Endothelin, originally identified as a vasoconstrictive peptide derived from vascular endothelial cells, is now known to exert diverse biological effects on a wide variety of tissues and cell types through its own receptor(s). One of the outstanding actions of endothelin is a cell growth promoting activity which is demonstrated in several cell types including cultured vascular smooth muscle cells, fibroblasts, glomerular mesangial cells and osteoblasts. The mitogenic effect is likely mediated by stimulation of phospholipase C via receptor-G-protein coupling, and subsequent activation of protein kinase C. The effect of endothelin may contribute to the cell-proliferation response under various physiological and pathological conditions, such as wound healing and development of atherosclerosis and glomerulonephritis. Recently, three distinct endothelin-related genes have been cloned, suggesting that mammals, including humans, produce three members of this peptide family, endothelin (ET)-1 (the 'classical' endothelin), ET-2 and ET-3, which may act on distinct subtypes of endothelin receptor to induce different cellular responses.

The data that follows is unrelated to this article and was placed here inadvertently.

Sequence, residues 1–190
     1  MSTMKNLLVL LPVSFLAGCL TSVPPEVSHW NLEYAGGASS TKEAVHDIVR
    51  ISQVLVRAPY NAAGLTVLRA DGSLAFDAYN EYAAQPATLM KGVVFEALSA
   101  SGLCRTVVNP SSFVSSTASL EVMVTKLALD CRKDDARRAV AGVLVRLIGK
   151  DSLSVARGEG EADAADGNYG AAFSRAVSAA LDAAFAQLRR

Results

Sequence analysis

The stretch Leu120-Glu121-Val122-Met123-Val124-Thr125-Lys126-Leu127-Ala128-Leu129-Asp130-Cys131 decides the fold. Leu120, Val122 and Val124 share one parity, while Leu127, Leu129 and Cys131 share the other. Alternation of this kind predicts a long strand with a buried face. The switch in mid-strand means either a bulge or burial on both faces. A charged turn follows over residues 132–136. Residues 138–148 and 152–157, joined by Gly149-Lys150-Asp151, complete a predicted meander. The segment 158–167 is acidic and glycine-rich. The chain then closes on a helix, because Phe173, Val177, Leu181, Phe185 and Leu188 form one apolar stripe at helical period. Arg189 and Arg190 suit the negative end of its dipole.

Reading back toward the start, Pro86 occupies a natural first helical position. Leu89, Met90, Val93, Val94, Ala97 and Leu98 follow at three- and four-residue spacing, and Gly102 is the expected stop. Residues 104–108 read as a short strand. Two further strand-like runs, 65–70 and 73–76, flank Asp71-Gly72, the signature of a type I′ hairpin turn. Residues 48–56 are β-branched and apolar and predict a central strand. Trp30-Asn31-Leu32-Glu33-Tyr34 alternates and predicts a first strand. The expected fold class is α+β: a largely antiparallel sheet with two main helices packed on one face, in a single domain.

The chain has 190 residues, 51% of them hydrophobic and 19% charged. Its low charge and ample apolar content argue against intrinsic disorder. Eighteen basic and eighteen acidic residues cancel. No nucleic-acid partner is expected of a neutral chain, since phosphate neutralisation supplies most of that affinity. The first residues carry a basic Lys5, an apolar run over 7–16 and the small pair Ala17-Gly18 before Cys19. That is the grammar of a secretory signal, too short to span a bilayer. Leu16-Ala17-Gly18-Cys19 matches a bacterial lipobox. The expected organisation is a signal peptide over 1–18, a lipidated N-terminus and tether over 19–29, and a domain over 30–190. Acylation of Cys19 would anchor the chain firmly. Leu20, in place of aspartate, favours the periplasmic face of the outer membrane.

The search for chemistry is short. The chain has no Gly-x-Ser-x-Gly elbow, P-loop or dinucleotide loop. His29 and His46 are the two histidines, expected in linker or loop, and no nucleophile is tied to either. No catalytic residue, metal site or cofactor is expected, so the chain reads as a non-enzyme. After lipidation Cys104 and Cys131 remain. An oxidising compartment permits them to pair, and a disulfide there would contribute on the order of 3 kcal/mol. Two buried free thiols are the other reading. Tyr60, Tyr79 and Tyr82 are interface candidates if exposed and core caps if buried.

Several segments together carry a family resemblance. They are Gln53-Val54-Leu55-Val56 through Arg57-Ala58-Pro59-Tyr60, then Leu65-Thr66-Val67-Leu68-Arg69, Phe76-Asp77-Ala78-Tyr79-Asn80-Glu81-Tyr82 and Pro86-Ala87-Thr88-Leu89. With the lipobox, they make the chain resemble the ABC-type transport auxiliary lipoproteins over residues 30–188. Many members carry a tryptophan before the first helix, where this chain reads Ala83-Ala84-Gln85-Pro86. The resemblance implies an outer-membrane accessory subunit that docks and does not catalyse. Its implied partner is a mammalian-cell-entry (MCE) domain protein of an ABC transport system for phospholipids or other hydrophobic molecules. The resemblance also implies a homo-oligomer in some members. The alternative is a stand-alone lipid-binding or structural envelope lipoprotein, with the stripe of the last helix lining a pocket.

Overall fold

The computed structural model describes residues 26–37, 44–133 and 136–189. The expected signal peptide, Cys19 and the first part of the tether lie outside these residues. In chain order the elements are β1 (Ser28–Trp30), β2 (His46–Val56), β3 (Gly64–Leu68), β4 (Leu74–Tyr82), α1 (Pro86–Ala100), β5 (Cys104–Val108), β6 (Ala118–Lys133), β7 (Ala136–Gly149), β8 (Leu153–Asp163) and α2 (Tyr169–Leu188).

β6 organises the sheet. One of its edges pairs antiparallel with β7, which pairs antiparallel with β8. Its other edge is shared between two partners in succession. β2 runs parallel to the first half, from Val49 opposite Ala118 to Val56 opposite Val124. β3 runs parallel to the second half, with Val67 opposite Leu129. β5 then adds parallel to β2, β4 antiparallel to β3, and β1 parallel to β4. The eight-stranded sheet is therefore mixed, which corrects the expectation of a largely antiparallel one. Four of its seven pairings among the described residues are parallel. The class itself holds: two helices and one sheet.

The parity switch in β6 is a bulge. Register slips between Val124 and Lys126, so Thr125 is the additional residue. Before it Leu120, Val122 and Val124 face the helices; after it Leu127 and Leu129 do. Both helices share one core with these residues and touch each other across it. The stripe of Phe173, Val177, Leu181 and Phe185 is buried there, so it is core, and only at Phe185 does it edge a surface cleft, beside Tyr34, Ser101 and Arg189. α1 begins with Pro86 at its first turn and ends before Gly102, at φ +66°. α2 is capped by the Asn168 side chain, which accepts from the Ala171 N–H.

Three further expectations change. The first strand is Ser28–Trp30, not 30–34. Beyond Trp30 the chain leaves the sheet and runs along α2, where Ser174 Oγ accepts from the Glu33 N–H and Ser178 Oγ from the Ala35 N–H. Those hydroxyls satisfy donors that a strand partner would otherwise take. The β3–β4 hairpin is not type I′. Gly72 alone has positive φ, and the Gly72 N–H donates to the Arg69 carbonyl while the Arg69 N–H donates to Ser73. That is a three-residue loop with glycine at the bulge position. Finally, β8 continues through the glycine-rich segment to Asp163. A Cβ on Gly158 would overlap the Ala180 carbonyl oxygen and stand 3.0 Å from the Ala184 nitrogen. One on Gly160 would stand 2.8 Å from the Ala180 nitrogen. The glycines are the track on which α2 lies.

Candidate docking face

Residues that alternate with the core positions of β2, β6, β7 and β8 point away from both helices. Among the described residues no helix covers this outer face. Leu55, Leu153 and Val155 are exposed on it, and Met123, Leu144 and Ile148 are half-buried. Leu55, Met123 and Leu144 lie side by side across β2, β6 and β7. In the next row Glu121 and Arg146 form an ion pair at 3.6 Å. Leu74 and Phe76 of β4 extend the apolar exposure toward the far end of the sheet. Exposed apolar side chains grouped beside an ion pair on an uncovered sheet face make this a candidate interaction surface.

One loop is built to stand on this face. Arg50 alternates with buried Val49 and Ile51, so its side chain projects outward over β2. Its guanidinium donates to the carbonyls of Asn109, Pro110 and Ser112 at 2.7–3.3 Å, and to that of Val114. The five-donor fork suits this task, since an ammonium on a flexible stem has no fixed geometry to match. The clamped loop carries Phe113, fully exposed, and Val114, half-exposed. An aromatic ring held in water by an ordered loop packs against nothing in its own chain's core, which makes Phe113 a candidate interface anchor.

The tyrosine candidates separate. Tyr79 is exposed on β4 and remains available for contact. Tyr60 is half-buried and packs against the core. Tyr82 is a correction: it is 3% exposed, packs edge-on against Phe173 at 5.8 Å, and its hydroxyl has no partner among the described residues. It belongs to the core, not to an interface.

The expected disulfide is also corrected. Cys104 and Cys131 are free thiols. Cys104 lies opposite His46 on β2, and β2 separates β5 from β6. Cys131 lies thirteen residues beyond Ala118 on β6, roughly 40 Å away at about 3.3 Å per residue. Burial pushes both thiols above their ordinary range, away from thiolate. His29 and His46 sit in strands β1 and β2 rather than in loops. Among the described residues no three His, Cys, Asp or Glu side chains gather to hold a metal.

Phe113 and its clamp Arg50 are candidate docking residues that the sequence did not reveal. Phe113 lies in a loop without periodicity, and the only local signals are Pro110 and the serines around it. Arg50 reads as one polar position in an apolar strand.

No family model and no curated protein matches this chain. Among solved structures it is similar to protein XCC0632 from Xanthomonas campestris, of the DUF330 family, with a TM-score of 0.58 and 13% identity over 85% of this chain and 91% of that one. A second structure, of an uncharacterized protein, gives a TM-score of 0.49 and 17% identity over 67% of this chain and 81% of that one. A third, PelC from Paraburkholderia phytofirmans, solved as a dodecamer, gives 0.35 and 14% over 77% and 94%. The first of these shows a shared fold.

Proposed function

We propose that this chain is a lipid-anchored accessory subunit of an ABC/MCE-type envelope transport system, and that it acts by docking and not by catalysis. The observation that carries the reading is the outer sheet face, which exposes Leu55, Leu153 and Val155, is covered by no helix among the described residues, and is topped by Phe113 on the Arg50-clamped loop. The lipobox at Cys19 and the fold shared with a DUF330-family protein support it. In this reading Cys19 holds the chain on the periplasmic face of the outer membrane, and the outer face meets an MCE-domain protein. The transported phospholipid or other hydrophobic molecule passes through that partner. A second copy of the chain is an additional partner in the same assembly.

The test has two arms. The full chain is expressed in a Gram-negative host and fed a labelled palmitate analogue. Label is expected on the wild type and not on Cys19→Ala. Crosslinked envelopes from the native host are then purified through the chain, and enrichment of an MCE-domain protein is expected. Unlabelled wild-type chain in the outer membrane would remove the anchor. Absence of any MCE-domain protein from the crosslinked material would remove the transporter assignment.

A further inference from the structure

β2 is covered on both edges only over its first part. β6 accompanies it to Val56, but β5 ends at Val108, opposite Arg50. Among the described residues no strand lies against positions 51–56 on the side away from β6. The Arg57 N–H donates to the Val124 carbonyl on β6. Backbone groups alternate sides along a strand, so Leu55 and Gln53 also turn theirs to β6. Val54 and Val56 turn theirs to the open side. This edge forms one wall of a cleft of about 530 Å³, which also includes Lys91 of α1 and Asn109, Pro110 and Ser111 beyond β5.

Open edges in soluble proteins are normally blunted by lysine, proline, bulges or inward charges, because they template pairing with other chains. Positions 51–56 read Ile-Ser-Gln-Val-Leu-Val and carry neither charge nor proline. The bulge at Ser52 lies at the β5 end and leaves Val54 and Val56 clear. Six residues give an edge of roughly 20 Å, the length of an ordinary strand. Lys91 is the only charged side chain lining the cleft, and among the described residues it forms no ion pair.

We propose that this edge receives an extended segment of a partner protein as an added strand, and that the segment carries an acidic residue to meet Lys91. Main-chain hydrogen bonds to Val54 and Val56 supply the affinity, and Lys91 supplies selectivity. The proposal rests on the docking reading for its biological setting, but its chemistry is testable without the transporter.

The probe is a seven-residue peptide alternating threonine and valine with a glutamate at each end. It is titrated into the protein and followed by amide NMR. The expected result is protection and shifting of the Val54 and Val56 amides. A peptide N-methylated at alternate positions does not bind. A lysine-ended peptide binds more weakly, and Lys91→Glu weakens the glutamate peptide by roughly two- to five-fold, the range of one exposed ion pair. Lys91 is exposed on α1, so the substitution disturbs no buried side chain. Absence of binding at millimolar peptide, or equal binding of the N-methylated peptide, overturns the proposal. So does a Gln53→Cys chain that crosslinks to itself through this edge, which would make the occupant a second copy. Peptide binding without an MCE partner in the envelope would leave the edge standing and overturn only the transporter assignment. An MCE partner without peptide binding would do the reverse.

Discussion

- Ca channel
- growth factor
- phospholipase C
ASJC Scopus subject areas
- Agricultural and Biological Sciences(all)